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Former Ford CEO Mark Fields Is Bearish On Tesla’s Future

Over the last several months, Tesla has seen a surge in sales while many other automakers falter, even as new electric vehicles like the Ford Mustang Mach-E continue to steal market share from the EV maker. The biggest question on everyone’s mind, however, is what does Tesla’s future look like? Can it continue to thrive as more established automakers launch more and more new electric vehicles? At least one person – former Ford CEO Mark Fields – doesn’t think so.

“The bottom line it’s the first time Tesla has had real competition,” Fields told CNBC. “You have Volkswagen, who is now the leader in selling electric vehicles in Europe. Here in the U.S., Ford with its Mach-E, which is a terrific car, is taking share away from the Model Y and their other models. So he [Tesla CEO Elon Musk] has some real competition now, and that’s going to put a lot of pressure on their business.”

“One of the many things he [Musk] did is he pushed the industry toward taking EVs seriously,” Fields added. “He has real competition now, and that’s why you’re seeing some of their share in some of the major markets under a lot of pressure.”

Fields goes on to point out that Tesla is able to turn a profit by selling CO2 credits to other automakers, rather than solely through building and selling cars. He notes that Tesla made more money last year selling those credits than vehicles, and points out that as those credits dry up, “there’s going to be a lot of pressure to make money and make better margins on their vehicles.”

Tesla stock is down 14 percent on the year, a stark contrast to its performance in 2020. Much of that performance can be pinned on the automaker’s global market share, which plunged from 29 percent in March to 11 percent in April.

Meanwhile, traditional automakers like Ford continue to gain on Tesla, which quite literally brought electric vehicles into the mainstream. And future models like the recently-revealed Ford F-150 Lightning and Ford E-Transit figure to cast even more of a dark cloud over Tesla’s future.

We’ll have more automotive insights like this to share soon, so be sure and subscribe to Ford Authority for continuous Ford news coverage.

Brett's lost track of all the Fords he's owned over the years and how much he's spent modifying them, but his current money pits include an S550 Mustang and 13th gen F-150.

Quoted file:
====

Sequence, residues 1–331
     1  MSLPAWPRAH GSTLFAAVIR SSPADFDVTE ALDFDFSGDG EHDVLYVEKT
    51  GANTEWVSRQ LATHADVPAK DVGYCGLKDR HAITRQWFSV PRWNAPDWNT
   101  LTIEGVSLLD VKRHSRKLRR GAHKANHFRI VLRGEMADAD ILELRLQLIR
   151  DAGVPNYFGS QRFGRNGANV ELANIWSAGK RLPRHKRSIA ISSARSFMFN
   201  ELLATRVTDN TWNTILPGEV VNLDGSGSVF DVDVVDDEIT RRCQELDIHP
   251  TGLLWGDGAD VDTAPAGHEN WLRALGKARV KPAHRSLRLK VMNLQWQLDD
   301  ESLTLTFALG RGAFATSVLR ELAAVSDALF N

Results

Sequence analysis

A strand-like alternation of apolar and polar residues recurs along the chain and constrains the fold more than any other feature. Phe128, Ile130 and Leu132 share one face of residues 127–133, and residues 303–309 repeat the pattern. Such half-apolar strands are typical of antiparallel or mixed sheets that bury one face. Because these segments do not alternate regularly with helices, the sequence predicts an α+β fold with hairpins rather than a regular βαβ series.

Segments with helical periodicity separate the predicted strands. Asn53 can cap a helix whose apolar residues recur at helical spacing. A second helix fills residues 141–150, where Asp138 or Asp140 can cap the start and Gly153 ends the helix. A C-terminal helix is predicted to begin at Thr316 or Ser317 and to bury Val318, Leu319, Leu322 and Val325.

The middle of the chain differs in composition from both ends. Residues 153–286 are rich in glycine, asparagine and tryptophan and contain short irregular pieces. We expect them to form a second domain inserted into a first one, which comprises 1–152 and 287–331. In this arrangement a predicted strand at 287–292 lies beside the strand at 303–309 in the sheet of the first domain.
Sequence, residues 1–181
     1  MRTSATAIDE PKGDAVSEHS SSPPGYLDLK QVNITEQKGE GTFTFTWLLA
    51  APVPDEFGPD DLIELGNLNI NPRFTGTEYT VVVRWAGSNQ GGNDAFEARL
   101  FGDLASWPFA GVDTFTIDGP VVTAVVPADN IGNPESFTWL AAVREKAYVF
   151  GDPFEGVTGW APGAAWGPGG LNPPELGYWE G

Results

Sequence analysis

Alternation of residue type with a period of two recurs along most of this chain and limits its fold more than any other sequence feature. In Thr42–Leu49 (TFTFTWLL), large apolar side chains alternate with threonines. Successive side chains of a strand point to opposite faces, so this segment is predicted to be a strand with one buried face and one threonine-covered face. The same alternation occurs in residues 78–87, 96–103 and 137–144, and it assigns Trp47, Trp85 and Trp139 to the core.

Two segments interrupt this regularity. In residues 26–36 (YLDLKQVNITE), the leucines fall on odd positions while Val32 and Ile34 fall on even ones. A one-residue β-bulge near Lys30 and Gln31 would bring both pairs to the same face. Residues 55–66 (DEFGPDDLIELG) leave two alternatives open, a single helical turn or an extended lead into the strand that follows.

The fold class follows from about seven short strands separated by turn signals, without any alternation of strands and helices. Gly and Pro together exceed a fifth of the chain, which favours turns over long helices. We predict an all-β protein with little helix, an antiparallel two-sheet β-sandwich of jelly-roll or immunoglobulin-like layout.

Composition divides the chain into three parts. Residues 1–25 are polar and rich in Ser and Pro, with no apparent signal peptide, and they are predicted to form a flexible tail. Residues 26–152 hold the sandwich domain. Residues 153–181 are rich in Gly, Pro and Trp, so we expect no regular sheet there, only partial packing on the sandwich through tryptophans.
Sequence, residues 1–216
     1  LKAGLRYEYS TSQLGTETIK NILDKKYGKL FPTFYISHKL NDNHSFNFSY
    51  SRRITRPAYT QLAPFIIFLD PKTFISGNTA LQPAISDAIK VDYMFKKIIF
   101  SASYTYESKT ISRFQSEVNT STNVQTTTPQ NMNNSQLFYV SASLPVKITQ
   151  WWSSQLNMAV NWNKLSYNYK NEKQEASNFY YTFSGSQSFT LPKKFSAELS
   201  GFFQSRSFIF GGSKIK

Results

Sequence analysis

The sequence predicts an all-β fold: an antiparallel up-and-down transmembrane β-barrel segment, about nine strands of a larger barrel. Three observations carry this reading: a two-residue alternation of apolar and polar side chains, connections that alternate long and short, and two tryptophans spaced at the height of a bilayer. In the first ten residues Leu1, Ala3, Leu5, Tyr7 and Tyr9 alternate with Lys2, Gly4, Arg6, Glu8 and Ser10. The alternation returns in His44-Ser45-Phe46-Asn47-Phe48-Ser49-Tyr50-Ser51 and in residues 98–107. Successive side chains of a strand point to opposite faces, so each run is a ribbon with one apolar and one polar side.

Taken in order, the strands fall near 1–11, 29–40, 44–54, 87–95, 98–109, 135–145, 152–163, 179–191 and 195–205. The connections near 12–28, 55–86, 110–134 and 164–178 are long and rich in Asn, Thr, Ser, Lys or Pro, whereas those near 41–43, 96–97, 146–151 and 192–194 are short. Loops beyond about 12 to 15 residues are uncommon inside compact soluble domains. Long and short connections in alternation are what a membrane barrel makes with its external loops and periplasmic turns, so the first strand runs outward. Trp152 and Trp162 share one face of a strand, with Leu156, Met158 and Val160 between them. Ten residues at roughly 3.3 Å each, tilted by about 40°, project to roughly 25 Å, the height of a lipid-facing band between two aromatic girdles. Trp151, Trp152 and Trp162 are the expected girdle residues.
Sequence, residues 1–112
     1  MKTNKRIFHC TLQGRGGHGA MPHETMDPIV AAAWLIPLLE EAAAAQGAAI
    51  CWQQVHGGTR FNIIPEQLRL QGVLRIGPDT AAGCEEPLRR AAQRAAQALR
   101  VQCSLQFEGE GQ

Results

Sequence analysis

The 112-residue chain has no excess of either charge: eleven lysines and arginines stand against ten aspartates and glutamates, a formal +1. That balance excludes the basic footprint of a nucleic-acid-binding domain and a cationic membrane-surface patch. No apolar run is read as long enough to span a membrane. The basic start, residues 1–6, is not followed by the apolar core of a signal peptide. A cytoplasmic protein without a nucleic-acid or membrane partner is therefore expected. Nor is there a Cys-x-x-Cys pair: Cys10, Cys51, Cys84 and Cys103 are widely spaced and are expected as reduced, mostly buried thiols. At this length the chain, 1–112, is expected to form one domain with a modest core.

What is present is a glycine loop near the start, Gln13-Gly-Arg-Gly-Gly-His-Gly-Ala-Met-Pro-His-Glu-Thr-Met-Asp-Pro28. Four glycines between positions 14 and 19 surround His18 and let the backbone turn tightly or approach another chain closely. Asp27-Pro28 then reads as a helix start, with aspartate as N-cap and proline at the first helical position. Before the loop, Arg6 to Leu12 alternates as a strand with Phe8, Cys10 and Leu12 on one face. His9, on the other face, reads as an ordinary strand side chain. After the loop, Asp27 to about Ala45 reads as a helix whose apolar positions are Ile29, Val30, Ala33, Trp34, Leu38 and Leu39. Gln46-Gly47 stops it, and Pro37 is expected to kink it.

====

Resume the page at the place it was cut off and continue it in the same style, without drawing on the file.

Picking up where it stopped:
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Comments

  1. Stephen Ketterer

    Unfortunately for EVs, there aren’t enough resources available to produce a meaningful number of drivetrains to occupy a significant market share. Then there’s the infrastructure problem.

    Reply
  2. Hendrik Joseph Haan

    Is Fields trying to justify his reticence to invest in EVs? Or is it better to lead from behind, as the Detroit Lions haven’t won in the post season since 1957? Same people making decisions!

    Reply
    1. Bruce Holberg

      Not the same people at all. The Lions stink all on their own.

      Reply
  3. Mark L Bedel

    More and more manufacturers will continue to jump into the EV market as time moves forward. As mentioned in a prior story, the EV experience will be the next battle ground. The Tesla recharging stations with food and entertainment and other amenities attached will be the next big thing. Other than reliability and durability, there doesn’t seem to be many vehicular areas for huge improvements.

    Reply
    1. Mike says..

      To your point about more manufacturers…. should make it more cost effective for consumers however, these products are luxury priced. Also, an industry wide move to monetize anything/everything (restaurants, data services etc) is becoming less and less about basic transportation (needs).

      Reply
  4. GeorgeS

    Once you create a market, it’s awfully difficult to maintain the majority of the market share once others join in. There are many reasons why Tesla is slipping and just look at the competition. There is market loyalty, people by Fords, GM, Toyota, Honda’s for life. I myself would be difficult to switch brands but with a Tesla vehicle problem, where do you go? Buying a vehicle in a shopping mall store doesn’t give me much confidence with the brand. Tesla has tried and maybe had done well with its on line support, but anything mechanical will wear out and need service though EV’s have little or no maintenance.

    Secondly, Tesla needs a change. A redesign is well warranted as they are looking dated. They need to release each year product improvements of the previous years model, if not why bother, we all like something new.

    Reply
  5. Martin Scott

    Well said. It should be a GIVEN that Tesla wouldn’t be able to maintain it’s market share in a market with over 40 ICE brands ready and able to go electric. The OEM’s like Magna, Borg Warner, and Siemens are heavily invested in EV development and components.
    Also and more importantly, the ICE manufacturers will turn profits on each EV they make where as Tesla will be forever paying off factory cost. I love Tesla cars but when it’s 5000 Tesla engineers vs 1 million everyone else, then everyone else wins hands down. Tesla only (and most logical) course of action is selling power trains “Tesla inside”.

    Reply

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